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Chicago Peace Hubs Planned by Sheriff, Gamaliel Metro Chicago and Allies

Posted by: Gordon on 7/22/2014
Meeting with sheriff Tom Dart in Chicago July 21
Fro many, jail is one of the few places where they can access mental health services in Cook County according to Sheriff Tom Dart, Gamaliel Metro Chicago, Southwest Organizing Project, and Community Renewal Society

When 1,000 people gathered Monday night to ask Cook County Sheriff Tom Dart to help them create a new system to deliver mental health care to youth, undocumented immigrants, formerly incarcerated people and other Southwest Side residents he had a simple answer: "I cannot support your plans strongly enough."

"I truly don’t know which system is more broken our immigration system or our criminal justice system," Dart told leaders of Gamaliel of Metro Chicago, the Southwest Organizing Project, and Community Renewal Society. "The way we treat people with mental illness is an embarrassment--there rae no plans for people with mental illness other than what the sheriff provides. And frankly I’m not supposed to be doing that. I’m just supposed to lock peole up, apparently."

To a standing ovation, Dart and leaders from the three organizations agreed to a vision to plan for peace hubs, centers that would connect Southwest Side residents to services, counseling and even education and job training programs. The hubs are an ambitious vision to provide all of those forms of support. Public funding is needed to create the hubs.

The proposal is to use the Affordable Care Act and reallocate city and state funds to provide mental health support services to initially 75 persons by creating community-based mental health centers, or hubs, to serve as diversion and re-entry alternatives to incarceration. The Hubs will also offer comprehensive restorative justice and prevention as a means of reducing violence and creating new life directions for hundred of other struggling youth and young adults on the south and southwest side of Chicago.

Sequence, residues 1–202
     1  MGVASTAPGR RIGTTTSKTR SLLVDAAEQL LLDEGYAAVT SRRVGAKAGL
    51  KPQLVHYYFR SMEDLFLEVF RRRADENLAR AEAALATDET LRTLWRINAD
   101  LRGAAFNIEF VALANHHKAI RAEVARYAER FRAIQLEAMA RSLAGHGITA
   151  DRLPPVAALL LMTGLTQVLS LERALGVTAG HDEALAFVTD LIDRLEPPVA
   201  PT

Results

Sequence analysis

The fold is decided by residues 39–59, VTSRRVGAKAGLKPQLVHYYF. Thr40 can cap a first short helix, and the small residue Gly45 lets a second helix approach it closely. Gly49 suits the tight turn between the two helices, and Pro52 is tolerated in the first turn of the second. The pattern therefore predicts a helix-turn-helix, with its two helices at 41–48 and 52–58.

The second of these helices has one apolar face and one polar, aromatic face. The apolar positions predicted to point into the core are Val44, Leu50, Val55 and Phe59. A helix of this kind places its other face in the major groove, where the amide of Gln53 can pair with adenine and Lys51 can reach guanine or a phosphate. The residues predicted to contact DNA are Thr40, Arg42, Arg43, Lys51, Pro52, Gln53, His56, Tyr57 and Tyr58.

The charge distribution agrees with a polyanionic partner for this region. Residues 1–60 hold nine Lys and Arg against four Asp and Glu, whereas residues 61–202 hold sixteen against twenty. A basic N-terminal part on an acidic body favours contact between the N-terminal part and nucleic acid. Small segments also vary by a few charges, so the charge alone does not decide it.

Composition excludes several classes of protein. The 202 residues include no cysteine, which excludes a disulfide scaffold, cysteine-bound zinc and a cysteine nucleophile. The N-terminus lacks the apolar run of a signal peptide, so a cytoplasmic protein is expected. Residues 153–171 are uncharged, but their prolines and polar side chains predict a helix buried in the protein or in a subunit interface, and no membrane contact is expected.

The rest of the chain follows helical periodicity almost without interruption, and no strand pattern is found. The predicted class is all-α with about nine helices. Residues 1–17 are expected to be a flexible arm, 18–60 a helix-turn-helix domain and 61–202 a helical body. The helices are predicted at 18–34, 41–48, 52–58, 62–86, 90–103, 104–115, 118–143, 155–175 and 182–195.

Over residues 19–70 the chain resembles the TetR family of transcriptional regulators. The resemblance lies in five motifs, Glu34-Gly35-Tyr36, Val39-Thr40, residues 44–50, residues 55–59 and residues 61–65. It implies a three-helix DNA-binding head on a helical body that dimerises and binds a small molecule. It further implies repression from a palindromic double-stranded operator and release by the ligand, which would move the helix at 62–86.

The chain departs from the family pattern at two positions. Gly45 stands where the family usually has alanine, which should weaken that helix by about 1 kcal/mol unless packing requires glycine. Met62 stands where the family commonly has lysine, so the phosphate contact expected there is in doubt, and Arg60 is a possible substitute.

Dart is actually a national leader in the area of providing mental health care inside the jail. His office estimates that on any given day, at least 30 percent of the inmates at Cook County Jail--some 3,000 people--suffer from mental illness. Many are there for committing minor crimes, Dart says.

“The funds that should be used to provide community treatment and youth support services are now tied up incarcerating nonviolent persons who suffer from mental health and addiction,” said Dr. Alvin Love of the Gamaliel African American Organizing Table. “We can eliminate violence and provide a just and compassionate alternative if our communities are allowed to care for our own.”

This was the first public meeting organized by the Parish Peace Project, a joint Initiative of GMC, the Catholic Archdiocese of Chicago, and local community organizations including the Southwest Organizing Project, to develop Latino young adult leadership in the church and address the violence that plagues Chicago.

Next week the Project in conjunction with partner Community Renewal Society will meet with Cook County Board President Toni Preckwinkle to ask her to sign on to the vision of peace hubs.
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